Nov. 18th, 2008:
Today, I had a bone marrow transplant. It would prove to be the solution for a very big problem, an Acute Leukemia diagnosis. The road to the transplant was long and tricky. For a time, it seemed like it never would happen. The maladies of disease and treatment mounted and some of the road blocks could have seemed impassable. All that said, the convergence of many miraculous things had happened and I was able to receive the transplant. My malfunctioning liver problems had been identified, one donor was lost, but Isabel was found. The doctors at Hopkins had found a way to get me where I needed to be.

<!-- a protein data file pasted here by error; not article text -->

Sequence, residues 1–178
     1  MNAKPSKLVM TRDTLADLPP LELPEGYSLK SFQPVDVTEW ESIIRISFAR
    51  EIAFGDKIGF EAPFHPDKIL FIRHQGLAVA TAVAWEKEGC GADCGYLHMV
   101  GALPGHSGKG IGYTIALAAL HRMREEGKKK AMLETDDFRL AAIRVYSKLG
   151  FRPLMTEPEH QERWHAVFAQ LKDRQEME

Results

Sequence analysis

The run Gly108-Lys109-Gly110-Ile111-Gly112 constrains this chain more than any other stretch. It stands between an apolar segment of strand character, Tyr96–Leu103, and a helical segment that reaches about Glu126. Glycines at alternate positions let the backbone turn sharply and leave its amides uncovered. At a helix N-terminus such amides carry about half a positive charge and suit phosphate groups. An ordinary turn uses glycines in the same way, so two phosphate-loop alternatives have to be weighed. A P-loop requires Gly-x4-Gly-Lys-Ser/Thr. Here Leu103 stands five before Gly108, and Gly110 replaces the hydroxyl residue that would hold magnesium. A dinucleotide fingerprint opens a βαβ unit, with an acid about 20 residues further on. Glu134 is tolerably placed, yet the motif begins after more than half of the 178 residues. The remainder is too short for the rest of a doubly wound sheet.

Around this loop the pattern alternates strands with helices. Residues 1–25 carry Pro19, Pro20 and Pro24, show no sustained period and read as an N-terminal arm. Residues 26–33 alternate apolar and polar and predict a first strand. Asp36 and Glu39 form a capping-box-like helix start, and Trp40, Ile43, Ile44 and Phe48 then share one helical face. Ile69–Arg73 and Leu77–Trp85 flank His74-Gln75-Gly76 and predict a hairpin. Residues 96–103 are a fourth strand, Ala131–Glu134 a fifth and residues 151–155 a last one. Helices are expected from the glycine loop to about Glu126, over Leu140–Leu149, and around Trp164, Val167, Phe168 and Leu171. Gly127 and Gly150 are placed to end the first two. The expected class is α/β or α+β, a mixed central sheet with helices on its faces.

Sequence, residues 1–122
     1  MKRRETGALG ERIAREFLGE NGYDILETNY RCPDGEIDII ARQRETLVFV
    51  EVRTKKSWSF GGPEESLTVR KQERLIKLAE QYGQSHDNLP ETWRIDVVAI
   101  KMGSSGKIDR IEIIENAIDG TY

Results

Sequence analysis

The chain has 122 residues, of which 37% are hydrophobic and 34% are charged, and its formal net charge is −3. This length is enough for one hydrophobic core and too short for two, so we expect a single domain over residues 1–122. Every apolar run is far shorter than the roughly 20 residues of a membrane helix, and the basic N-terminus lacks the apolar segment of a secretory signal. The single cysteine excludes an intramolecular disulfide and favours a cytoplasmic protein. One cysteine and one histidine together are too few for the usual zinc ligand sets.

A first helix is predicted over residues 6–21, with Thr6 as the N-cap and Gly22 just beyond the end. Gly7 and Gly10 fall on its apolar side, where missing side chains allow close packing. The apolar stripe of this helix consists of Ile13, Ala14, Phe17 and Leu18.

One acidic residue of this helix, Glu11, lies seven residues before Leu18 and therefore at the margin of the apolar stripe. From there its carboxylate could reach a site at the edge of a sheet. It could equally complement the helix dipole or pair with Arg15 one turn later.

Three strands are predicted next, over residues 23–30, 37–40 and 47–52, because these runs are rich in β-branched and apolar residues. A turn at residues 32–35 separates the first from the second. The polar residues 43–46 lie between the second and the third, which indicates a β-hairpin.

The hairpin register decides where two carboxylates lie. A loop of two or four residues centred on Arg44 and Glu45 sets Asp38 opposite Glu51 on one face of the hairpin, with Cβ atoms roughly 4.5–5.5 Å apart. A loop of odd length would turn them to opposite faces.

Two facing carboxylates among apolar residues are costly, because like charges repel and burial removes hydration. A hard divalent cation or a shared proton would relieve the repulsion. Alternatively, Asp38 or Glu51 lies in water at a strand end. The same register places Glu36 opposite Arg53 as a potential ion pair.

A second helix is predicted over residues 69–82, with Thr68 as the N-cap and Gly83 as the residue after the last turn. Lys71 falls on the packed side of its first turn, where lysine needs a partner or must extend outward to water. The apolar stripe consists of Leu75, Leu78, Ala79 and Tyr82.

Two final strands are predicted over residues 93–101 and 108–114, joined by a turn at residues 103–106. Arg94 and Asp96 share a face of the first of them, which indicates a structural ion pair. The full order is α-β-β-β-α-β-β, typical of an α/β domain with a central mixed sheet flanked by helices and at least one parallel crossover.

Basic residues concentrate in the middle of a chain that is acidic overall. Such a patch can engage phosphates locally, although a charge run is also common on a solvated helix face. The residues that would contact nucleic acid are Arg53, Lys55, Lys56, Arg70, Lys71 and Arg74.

Around 9 am, in Germany, bone marrow was extracted from Isabel. A courier from the Baltimore area took possession of the marrow and flew from Germany to Dulles Airport in DC. The marrow traveled by car up I-95. Around 7 or 8 pm the marrow arrived at Johns Hopkins in Baltimore, MD and was prepped. Around 9:20 pm on Nov. 18th, 2008, the bone marrow was administered to me intravenously. The process took about 2 hours. A fairly benign procedure if it weren’t for the 8 days of extremely intensive chemo therapy that would wipe out my old bone marrow. Fortunately for me this day had arrived. When you live this experience you can understand why the odds are so stacked against leukemia patients.